Your use of Enochian symbols has always been of interest, have you performed many rituals with the use of John Dee’s system?
A-H: As I said the music is the ritual, so after four albums I guess we did, even though we mostly use Enochian for its esthetics, which is not reductive, as the symbols are living beings.
From the scant information available about Aluk Todolo and your motivations, it seems your beliefs system is eclectic even the band’s name, however, is there one particular portion of the occult that is a focus point for you? Be that Enochian magick, the works of Kenneth Grant or perhaps something more eastern like the Yazidis?
A-H: arkendudipadyavabhasabhinnam nabhaty
ativyaptataya tatas ca
prakasarupam tadiyat prakasya
Despite being some time ago now, one of my favourite releases was the collaboration that you did with Der Blutharsch, how did this collaboration occur and how was the writing process different from a normal Aluk Todolo release? Would you like to do a similar format in the future – if so, which band (if you could pick any) would you most like to collaborate with?
A-H: We’ve met Albin [the project’s creator Albin Julius — Noizr] in Paris during a Der Blutharsch show we organized, and we became friends. We’ve always liked his music, through all its phases and transformations, and later on when he proposed to work on a record together, we naturally said 'yes'. It was complicated as both bands sent each over two basic track to work on, and we never were in the same studio. Honestly, the creative process was kind of nightmarish. The result is like a retarded child you end up loving more than the others, hehe. I’m not sure we’ll do any other collaborative work in the future, but if we could do it in the past, I mean with a dead musician, then it would be with Scriabin.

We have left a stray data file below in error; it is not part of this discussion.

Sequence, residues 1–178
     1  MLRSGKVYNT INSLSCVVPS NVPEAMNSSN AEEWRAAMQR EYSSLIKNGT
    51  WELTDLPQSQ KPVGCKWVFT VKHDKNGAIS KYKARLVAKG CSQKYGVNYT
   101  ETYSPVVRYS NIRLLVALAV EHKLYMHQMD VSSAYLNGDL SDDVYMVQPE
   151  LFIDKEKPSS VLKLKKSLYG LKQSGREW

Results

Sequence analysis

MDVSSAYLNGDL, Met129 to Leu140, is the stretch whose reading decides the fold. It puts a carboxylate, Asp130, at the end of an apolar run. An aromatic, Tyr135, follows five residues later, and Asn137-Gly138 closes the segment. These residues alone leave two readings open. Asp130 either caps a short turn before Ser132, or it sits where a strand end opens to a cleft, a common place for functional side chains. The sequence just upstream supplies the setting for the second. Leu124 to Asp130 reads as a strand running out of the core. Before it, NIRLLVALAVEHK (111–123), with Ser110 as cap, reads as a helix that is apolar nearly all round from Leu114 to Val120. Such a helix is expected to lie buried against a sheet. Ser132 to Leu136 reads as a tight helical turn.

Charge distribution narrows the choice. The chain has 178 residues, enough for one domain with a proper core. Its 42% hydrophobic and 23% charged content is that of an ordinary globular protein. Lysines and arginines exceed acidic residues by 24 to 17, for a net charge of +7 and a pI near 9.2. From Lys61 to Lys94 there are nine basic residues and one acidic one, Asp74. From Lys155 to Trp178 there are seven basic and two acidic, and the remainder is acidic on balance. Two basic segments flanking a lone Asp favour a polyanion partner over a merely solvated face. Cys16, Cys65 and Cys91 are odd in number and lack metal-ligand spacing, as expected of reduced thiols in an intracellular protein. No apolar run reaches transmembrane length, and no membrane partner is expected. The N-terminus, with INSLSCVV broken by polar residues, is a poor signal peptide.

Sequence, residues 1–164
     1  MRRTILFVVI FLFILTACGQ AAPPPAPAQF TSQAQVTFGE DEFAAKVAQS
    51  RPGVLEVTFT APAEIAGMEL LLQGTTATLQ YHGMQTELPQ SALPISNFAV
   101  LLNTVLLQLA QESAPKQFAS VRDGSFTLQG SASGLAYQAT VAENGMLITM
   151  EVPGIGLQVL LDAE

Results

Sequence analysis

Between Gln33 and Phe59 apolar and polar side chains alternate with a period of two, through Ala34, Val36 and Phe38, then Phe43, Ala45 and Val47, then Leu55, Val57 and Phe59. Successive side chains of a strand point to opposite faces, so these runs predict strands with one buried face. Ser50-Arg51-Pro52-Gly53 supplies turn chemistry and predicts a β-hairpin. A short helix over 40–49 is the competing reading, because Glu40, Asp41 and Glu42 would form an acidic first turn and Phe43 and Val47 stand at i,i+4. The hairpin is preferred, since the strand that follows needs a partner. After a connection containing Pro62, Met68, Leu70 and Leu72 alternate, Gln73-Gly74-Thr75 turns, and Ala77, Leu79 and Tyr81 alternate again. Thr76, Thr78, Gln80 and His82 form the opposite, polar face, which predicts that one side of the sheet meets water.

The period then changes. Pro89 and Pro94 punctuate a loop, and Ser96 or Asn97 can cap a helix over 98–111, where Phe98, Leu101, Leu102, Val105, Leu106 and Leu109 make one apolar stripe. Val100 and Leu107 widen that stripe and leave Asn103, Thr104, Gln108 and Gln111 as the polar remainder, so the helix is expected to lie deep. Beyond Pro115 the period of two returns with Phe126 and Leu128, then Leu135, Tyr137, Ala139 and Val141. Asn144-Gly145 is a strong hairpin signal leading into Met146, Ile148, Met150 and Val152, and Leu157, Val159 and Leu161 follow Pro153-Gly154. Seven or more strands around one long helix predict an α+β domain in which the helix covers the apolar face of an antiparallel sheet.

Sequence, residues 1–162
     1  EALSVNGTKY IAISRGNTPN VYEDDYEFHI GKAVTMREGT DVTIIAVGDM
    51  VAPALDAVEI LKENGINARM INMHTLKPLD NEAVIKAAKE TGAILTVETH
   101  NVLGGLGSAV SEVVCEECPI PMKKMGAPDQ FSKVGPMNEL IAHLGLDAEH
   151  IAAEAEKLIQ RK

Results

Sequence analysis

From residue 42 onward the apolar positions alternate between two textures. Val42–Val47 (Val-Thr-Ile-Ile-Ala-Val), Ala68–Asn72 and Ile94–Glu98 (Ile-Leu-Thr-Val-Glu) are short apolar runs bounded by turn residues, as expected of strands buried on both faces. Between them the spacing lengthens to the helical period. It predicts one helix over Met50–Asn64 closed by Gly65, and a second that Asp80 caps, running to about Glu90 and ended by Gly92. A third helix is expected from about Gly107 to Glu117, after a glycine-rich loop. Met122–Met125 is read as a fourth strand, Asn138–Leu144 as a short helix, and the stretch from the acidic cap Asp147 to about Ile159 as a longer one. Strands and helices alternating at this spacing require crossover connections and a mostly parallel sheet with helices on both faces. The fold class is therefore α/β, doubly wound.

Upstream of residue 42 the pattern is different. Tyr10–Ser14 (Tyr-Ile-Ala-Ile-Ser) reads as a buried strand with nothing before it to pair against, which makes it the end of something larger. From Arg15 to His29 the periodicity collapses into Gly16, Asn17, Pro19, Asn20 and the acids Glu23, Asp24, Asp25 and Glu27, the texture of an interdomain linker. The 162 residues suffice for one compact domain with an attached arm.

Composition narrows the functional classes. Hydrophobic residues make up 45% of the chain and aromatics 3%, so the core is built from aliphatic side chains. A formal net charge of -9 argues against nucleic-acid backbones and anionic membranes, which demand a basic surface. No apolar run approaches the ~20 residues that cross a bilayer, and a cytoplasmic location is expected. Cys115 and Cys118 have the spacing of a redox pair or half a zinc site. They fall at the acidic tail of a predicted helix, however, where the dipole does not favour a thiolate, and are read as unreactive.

You have had a relationship with NoEvDia now for a long time an out of all their roster Aluk Todolo is perhaps the most 'out there' addition to the label. You have a lot in common with the bands on the label but also a large distinction between you and let’s say Antaeus or Funeral Mist, how did this relationship come about and what synergy do you feel that a label like NoEvDia provides to you as a band?
A-H: We were introduced to NoEvDia by Tyler of The Ajna Offensive [American independent label — Noizr], as we were looking for a European label. It is true to say that there is a large distinction between Aluk Todolo and the bands you mentioned, but I guess we all gather through an esoteric, fanatic, devoted and uncompromising spirit. This the proof that NoEvDia, yet a very selective label, is not limited by genre boundaries, and to me, this is what gives to the label such an aura. We feel honored to work with them, it's the perfect home for Aluk Todolo.
Interviewed by Dan Thaumitan